Such a “famine” is upon Christendom today. It has not yet become quite universal, but almost so. Thousands of places dedicated to divine worship have become social centers, political clubs, ritualistic playhouses, and today they are heaps of rubble. The vast majority of those still standing provide nothing for people desiring spiritual food, and even in the very few where the Word of God is ostensibly ministered, it is no longer so in the power and blessing of the Spirit. It is this which gives such pertinence to our present passage. “And Elisha came again to Gilgal: and there was a dearth in the land; and the sons of the prophets were sitting before him” ( 2 Kings 4:38).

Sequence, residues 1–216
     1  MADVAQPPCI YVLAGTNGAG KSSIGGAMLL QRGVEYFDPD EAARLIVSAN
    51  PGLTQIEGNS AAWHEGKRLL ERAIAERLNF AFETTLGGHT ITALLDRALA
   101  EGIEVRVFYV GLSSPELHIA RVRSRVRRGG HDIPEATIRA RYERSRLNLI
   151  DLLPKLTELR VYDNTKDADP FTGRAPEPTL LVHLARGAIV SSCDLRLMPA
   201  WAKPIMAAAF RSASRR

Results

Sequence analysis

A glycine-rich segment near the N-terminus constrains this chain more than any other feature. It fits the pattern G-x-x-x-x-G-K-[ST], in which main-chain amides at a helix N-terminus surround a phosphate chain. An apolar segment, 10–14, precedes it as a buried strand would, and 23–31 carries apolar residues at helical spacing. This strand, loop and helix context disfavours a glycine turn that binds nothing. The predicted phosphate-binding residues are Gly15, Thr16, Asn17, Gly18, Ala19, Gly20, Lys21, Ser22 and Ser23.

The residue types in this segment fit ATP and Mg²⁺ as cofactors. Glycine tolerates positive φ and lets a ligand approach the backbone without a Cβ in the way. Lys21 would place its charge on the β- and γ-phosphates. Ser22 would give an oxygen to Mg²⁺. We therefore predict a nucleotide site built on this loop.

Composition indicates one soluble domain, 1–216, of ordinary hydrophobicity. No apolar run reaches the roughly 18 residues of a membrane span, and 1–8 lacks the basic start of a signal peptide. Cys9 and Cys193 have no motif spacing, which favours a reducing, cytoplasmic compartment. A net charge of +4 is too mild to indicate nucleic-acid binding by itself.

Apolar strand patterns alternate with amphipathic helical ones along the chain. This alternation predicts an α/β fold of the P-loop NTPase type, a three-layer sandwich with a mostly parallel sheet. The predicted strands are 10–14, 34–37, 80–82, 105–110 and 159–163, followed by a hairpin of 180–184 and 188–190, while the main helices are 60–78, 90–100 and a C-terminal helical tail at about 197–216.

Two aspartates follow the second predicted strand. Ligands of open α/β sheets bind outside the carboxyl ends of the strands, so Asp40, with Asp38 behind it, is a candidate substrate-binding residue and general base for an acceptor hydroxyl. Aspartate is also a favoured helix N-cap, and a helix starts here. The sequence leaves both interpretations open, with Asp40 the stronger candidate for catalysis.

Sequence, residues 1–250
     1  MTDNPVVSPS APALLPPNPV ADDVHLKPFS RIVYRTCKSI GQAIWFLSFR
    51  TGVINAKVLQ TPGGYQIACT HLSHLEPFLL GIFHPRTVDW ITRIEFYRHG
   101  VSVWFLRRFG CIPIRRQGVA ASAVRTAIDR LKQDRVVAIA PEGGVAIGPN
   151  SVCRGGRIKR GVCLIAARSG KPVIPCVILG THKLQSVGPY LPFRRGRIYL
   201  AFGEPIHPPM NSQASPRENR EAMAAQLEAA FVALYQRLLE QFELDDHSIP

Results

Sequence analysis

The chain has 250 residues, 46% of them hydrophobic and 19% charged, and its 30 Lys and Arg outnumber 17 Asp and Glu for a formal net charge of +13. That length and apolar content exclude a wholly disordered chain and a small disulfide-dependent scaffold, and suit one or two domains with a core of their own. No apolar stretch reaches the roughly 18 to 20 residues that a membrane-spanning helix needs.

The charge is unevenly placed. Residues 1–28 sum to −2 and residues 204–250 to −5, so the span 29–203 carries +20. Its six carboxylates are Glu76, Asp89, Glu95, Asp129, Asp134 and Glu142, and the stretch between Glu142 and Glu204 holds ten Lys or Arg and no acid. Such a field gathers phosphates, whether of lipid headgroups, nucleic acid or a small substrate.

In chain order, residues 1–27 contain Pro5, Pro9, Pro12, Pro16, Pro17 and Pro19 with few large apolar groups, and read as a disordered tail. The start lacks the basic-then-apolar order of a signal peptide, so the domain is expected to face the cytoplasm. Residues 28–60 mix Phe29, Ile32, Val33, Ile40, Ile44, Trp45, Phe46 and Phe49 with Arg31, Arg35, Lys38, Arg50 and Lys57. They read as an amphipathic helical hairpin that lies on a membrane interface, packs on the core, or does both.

What a blessed and beautiful conjunction of things was this. How instructive for the under-shepherd of Christ and for His sheep in a day like this. Though God was acting in judgment, the prophet did not consider that that warranted him ceasing his labors until conditions became more favorable. So far from it, he felt it was a time when he should do all in his power to “strengthen the things that remain, that are ready to die” ( Revelation 3:2), and encourage those who are liable to give way to dejection because of the general apostasy. “Preach the word; be instant in season, out of season” ( 2 Timothy 4:2) is the injunction which God has laid upon His ministers. In seasons of “dearth” the servant of Christ needs to be particularly attentive to the spiritual needs of young believers, instructing them in the holiness and righteousness of a sin-hating God when His scourge is upon the nation; and also making known His faithfulness and sufficiency unto “His own” in the darkest hour, reminding them that “God is our refuge and strength, a very present help in trouble” ( Psalm 46:1).